More than just “a German club”, Borussia Mönchengladbach are one of the most successful teams in the Bundesliga era. Their name may be a mouthful, but their play has often been savoury.
The fifth-biggest club in Germany in terms of membership (almost 80,000 members), Borussia Mönchengladbach were founded in 1900 - as the full name indicates: Borussia VfL 1900 Mönchengladbach e.V.
Borussia is the neo-Latin term for 'Prussia', the kingdom to which the city of Mönchengladbach belonged at the time of foundation. The club pulled up no trees until the 1970s, when Hennes Weisweiler's free-flowing side won five Bundesliga titles in ten years with a crop of brilliant homegrown youngsters – notably Günter Netzer, whose ownership of a city-centre nightclub was trumpeted as evidence of the club's devil-may-care approach – and engaged in a spectacular and spiteful long-distance rivalry, the original Klassiker, with Bayern Munich. Gladbach also won the UEFA Cup twice that decade and reached the 1977 European Cup final (losing to Liverpool), earning the nickname the Foals in the process as a nod to their insouciant attacking style.
Forced to sell players to balance the books, Borussia endured barren years in the 1980s and 1990s – the DFB Cup triumph in 1995 was one of the few the high points – and were relegated from the top flight in 1999. Another demotion followed eight years later, but the appointment of Lucien Favre in January 2011 turned the Foals from cannon fodder into European contenders. Several seasons of top-level European football have since followed – all the while staying true to the tradition of bringing through vibrant young players – with Dieter Hecking stabilising the club after Favre's surprise departure in 2015.
5x German champions (1970, 1971, 1975, 1976, 1977)
3x DFB Cup winners (1960, 1973, 1995)
2x UEFA Cup winners (1975, 1979)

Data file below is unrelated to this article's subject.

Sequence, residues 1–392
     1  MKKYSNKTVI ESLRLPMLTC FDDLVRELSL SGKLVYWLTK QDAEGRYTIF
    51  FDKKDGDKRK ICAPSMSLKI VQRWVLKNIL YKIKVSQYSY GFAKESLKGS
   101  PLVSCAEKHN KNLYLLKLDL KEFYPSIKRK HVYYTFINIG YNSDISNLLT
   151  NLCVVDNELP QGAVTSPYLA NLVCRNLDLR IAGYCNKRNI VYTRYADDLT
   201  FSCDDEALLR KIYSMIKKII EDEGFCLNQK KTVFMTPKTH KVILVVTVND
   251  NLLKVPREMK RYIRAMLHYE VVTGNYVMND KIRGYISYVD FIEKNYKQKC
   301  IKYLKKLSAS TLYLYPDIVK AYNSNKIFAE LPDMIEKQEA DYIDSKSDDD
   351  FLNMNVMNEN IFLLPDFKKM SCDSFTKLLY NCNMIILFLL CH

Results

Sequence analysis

A player of modest repute, Hecking began his top-flight coaching career with Alemannia Aachen in 2006, before taking the reins at Hannover that same summer. He left Lower Saxony for Nuremberg three years later, before a January 2013 switch to Wolfsburg, who he guided to DFB Cup glory in 2015 – for the first time in the Wolves' history – and the Champions League last eight the following season.
A poor run of results led to his departure from the Volkswagen Arena in October 2016, but Gladbach moved swiftly to appoint Hecking – who started his playing career at the club – just two months later. The 53-year-old has since led the Foals to successive ninth-place finishes; his brief this term is to secure a European spot.
Slowly stepping out of the long shadows cast by his elder brother, Chelsea star Eden, Thorgan Hazard – who initially arrived on loan from the Blues at the Borussia Park – is making a name for himself in Mönchengladbach. The tricky winger deservedly earned a place alongside his sibling in Belgium's 2018 FIFA World Cup squad after a season in which he plundered 10 Bundesliga goals and created a further five. A set-piece specialist and creator supreme, Hazard adds a sprinkling of star dust to the Gladbach forward line.
Watch: All of Hazard's goals and assists in 2017/18!
Gladbach never really got off the ground in 2017/18. A derby win against Cologne on the opening day was soon overshadowed by a 6-1 defeat at Borussia Dortmund and a 5-1 home hammering by Bayer Leverkusen. Although Hecking's troops became the first side to beat Bayern under Jupp Heynckes – emerging 2-1 winners on home turf – the Foals sat sixth at the winter break, having also exited the DFB Cup without a whimper against Leverkusen.
The second half of the season went from bad to worse – Gladbach only won five games, all against sides who finished below them, and ended up in a below-par ninth place. The Foals particularly struggled away from home, but one caveat was the injury list: at one point, the number of first team players in the treatment room was into double digits.